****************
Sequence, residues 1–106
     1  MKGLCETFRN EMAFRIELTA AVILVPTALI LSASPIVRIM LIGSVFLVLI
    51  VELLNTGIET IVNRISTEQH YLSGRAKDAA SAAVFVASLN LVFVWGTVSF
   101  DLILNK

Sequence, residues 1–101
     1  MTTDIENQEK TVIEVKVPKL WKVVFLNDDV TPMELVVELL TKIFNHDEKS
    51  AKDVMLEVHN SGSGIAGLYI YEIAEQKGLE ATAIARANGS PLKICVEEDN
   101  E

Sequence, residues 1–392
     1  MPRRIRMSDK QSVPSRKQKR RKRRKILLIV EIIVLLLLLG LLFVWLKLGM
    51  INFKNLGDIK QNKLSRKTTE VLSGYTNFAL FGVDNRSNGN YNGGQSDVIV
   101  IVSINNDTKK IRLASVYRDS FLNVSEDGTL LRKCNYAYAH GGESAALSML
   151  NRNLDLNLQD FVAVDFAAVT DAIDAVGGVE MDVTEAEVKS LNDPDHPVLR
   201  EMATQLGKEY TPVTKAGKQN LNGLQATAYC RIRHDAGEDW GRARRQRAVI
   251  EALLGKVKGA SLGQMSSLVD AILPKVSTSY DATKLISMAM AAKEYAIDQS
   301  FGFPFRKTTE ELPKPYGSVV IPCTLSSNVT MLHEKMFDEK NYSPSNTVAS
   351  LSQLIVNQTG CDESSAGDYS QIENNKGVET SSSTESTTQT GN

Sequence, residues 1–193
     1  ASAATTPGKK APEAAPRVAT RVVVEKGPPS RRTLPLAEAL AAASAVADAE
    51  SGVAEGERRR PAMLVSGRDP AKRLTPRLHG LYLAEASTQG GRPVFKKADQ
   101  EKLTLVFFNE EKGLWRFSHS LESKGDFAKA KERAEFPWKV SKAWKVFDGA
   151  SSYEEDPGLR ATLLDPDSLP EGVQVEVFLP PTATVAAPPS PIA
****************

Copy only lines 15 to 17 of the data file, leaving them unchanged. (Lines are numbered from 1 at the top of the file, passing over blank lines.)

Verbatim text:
   251  EALLGKVKGA SLGQMSSLVD AILPKVSTSY DATKLISMAM AAKEYAIDQS
   301  FGFPFRKTTE ELPKPYGSVV IPCTLSSNVT MLHEKMFDEK NYSPSNTVAS
   351  LSQLIVNQTG CDESSAGDYS QIENNKGVET SSSTESTTQT GN